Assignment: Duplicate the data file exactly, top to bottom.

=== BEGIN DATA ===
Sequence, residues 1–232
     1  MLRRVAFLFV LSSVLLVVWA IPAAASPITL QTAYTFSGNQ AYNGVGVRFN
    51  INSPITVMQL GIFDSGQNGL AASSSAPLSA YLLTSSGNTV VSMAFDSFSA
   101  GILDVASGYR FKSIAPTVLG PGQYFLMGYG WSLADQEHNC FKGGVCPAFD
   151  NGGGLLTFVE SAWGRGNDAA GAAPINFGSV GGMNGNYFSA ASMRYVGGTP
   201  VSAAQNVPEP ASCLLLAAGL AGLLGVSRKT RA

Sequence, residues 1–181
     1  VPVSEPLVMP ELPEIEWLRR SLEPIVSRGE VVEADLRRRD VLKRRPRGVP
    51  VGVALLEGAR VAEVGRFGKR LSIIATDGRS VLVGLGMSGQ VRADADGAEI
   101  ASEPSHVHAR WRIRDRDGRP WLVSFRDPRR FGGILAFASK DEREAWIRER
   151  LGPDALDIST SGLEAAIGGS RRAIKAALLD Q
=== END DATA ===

Sequence, residues 1–232
     1  MLRRVAFLFV LSSVLLVVWA IPAAASPITL QTAYTFSGNQ AYNGVGVRFN
    51  INSPITVMQL GIFDSGQNGL AASSSAPLSA YLLTSSGNTV VSMAFDSFSA
   101  GILDVASGYR FKSIAPTVLG PGQYFLMGYG WSLADQEHNC FKGGVCPAFD
   151  NGGGLLTFVE SAWGRGNDAA GAAPINFGSV GGMNGNYFSA ASMRYVGGTP
   201  VSAAQNVPEP ASCLLLAAGL AGLLGVSRKT RA

Sequence, residues 1–181
     1  VPVSEPLVMP ELPEIEWLRR SLEPIVSRGE VVEADLRRRD VLKRRPRGVP
    51  VGVALLEGAR VAEVGRFGKR LSIIATDGRS VLVGLGMSGQ VRADADGAEI
   101  ASEPSHVHAR WRIRDRDGRP WLVSFRDPRR FGGILAFASK DEREAWIRER
   151  LGPDALDIST SGLEAAIGGS RRAIKAALLD Q